You’ve made the decision to outsource your call center and use a separate company to handle your incoming customer service inquiries and the like. Once you’ve determined your budget for your outsourced call center, the next step will be to choose whether you want to use an offshore, onshore or nearshore call center. Here, what you will get with each option and how to determine which is best for you.
An offshore call center refers to one that is in a faraway foreign country in comparison to the country where your headquarters are located. For a company based in the United States, an offshore call center would be one based in India, the Philippines or Malaysia. Depending on what you are looking for in your outsourced call center, there are many benefits to utilizing an offshore one. They include:
- Low costs
- A competitive market, operational efficiency and a large labor force—these are professionals in their field
- Availability during overnight hours in the US thanks to the time zone difference
- Potentially multilingual agents
There are also some disadvantages to using an offshore call center, some of which may be an important consideration for your company. They include:
- Cultural and/or language barriers that may frustrate customers
- Lack of control over or transparency into daily operations
- Possibly misaligned values, such as call volume over quality
If your call center is receiving a massive volume of calls, at all hours of the day and costs are a big consideration, an offshore call center may be the way to go.
Onshore outsourcing, also known as domestic outsourcing, is using a call center in the same country where your company is based with agents whose first language is the same as that of your customer base. There are quite a few benefits to using an onshore call center. They include:
- The absence of cultural or language barriers, paving the way for stronger connections between agents and customers
- Being in the same time zone as your call center, which is helpful for training and communication
- More quality control
- Stricter data security and intellectual property regulations in the US than in other countries
As far as disadvantages to utilizing an onshore call center, there is one big one: costs. An onshore call center is going to come with a much higher price tag than an offshore one, potentially one similar to what it would cost to have your call center in-house and run by full-time employees of your company. That said, if budget is not a concern for you, the benefits of using an onshore call center are certainly attractive.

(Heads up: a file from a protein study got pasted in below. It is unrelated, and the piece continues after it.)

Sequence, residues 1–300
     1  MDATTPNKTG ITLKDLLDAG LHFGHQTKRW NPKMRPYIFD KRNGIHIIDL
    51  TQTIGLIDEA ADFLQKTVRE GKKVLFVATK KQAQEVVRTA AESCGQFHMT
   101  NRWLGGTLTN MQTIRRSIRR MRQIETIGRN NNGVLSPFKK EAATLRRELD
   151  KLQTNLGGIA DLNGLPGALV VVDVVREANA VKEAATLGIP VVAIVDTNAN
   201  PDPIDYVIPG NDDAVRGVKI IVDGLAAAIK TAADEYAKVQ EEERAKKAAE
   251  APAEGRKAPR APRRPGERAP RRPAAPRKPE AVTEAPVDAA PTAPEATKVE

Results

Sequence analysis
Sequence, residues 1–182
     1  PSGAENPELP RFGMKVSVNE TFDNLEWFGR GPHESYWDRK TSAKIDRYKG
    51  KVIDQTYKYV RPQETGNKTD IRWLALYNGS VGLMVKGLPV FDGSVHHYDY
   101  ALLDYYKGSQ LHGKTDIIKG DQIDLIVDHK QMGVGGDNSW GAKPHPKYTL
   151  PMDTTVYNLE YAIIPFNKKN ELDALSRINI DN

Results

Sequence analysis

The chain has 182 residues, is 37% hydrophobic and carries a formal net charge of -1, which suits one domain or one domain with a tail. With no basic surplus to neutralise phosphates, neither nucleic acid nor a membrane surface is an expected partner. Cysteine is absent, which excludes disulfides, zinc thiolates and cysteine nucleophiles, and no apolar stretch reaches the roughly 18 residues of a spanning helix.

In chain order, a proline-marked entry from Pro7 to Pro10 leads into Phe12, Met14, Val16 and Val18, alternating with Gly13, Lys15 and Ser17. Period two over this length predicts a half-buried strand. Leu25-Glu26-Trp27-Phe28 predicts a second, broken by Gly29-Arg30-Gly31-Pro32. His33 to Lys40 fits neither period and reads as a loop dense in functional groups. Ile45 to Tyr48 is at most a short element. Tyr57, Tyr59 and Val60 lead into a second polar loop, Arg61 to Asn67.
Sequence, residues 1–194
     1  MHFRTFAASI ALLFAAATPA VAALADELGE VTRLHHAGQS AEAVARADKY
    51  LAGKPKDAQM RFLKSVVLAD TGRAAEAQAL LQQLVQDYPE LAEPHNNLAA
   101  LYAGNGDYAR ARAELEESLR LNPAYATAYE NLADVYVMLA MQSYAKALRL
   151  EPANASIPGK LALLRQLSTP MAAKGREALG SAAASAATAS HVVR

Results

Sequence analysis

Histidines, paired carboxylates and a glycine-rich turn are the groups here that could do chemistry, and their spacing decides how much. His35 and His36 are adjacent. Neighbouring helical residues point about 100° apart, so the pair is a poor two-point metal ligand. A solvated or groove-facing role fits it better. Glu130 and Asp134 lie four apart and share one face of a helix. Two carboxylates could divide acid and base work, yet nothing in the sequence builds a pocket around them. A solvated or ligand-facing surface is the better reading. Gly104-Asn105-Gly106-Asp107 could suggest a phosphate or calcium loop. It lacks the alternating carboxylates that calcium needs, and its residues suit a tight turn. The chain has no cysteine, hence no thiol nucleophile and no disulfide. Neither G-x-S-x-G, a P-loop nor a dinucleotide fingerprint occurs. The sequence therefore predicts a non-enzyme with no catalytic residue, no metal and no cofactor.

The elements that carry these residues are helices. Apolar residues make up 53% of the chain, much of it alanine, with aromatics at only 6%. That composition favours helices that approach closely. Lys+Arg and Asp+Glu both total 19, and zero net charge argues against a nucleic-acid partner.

Considered by many to be a sort of happy medium between offshore outsourcing and onshore outsourcing, using a nearshore call center means it is located in a different country, but one that borders or is near yours and is in the same or a similar time zone. For companies based in the US, a nearshore call center might be located in Mexico, Brazil, Argentina or Canada. Some of the benefits of choosing a nearshore call center include:
- Physical proximity in the event that you need to travel to the call center
- Greater familiarity with or fluency in English
- Higher likelihood of agents who are also fluent in in-demand languages in the US, like Spanish
- More reasonable pricing than onshore
- Being in the same or a close time zone, making communication and training easier
Like with onshore call centers, the biggest negative about nearshore call centers is going to be the cost. While it will likely be less expensive than an onshore call center, nearshore will still cost more than an offshore call center.
When deciding whether to use an offshore, onshore, or nearshore call center, it’s all about determining the factors that are most important to you. One thing that is important no matter which you choose: A robust and easy-to-use call center platform like CallShaper. To learn more, reach out to us today.